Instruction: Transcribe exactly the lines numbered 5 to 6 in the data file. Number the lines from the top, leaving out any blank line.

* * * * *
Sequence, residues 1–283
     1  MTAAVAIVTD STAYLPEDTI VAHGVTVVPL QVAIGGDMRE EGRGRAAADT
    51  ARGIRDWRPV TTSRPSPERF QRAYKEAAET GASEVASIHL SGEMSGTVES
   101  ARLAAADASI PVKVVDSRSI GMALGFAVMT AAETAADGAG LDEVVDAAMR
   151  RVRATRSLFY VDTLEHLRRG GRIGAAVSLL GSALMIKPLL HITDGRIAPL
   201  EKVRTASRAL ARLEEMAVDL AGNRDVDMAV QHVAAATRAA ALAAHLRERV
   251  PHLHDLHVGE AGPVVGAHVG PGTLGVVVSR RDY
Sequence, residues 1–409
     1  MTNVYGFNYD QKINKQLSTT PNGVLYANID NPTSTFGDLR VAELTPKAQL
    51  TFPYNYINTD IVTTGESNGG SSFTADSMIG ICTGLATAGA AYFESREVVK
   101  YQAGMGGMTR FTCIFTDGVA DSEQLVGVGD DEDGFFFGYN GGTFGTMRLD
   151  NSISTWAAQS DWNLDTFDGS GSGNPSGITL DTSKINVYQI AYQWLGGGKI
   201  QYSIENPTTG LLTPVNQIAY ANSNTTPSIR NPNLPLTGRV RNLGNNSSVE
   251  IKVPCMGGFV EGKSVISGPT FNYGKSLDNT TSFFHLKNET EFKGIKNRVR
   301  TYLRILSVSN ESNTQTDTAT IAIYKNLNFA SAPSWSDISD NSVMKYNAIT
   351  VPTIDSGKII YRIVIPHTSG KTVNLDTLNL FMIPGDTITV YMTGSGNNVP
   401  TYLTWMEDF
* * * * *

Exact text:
   151  RVRATRSLFY VDTLEHLRRG GRIGAAVSLL GSALMIKPLL HITDGRIAPL
   201  EKVRTASRAL ARLEEMAVDL AGNRDVDMAV QHVAAATRAA ALAAHLRERV